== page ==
The explosive sun we all know and love is back! And it’s packing a punch.
Late on Monday night, when we were all distracted by the Stardust-NExT flyby of comet Tempel 1, the sun unleashed the biggest flare for over four years. The flare, seen above through the high-definition eyes of NASA’s Solar Dynamics Observatory (SDO), is classified as one of the most powerful flares the sun can muster.
Known as an X-class flare, this particular one is ranked as an X2 on the solar flare “Richter scale”.
The last time we saw an X-class flare was on Dec. 5, 2006, when the sun produced an X9 explosion — a flare eight-times more powerful than this X2 flare.
The flare triggered a coronal mass ejection (CME), sending a cloud of energetic particles toward Earth. A series of CMEs are expected to impact our atmosphere over the next 48 hours, all emanating from the flare site — sunspot 1158.
The NOAA is forecasting a high probability of geomagnetic activity on Feb. 17th-18th. This means that for observers at high latitudes, there might be some impressive auroral activity.
Of course, it’s not just about pretty lights, space weather prediction is becoming a critical tool for our civilization to grasp. As we become increasingly dependent on sensitive communication technologies and delicate power grids, what ever happens on the sun can have serious consequences for us on the ground. (Let’s not forget what happened to the “Zombiesat.”)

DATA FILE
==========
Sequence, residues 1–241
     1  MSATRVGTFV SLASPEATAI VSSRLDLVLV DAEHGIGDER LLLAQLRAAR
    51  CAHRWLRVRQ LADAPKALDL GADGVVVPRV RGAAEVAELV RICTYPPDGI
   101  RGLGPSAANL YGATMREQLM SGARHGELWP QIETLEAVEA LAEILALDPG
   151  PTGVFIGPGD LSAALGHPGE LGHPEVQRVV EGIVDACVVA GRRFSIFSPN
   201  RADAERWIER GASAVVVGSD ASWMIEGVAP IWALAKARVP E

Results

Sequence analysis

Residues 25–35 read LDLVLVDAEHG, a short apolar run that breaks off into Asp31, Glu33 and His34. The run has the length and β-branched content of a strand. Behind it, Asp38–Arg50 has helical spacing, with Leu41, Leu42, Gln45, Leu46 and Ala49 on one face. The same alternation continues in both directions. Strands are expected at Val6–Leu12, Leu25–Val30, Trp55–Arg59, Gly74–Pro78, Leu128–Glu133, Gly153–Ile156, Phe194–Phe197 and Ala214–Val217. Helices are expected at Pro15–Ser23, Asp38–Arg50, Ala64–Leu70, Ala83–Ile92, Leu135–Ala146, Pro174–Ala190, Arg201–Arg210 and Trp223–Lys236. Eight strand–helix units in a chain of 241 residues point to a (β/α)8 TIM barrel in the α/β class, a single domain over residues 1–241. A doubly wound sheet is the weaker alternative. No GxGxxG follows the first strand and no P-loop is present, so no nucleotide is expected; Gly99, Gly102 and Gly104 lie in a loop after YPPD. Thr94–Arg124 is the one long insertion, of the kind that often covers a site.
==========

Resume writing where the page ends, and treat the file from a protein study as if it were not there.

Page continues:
Although CMEs are often featured as the main threat to us, the flare events themselves can have some serious impacts to our way of life. When the X2 flare erupted, a sudden increase in X-ray radiation was detected in Earth orbit.
According to the China Meteorological Administration (CMA), this X2 flare event impacted shortwave radio communications in southern China. As shortwave radio uses the Earth’s ionosphere (a charged layer of the Earth’s upper atmosphere) to bounce radio waves off, the condition of the ionosphere is critical. This most recent flare caused sudden ionospheric disturbances, interrupting shortwave communications over the region.
I think we can safely say the sun is awake, giving us a taste for what Solar Cycle 24 — which peaks around 2013 — has in store for us.
Image credit: NASA/SDO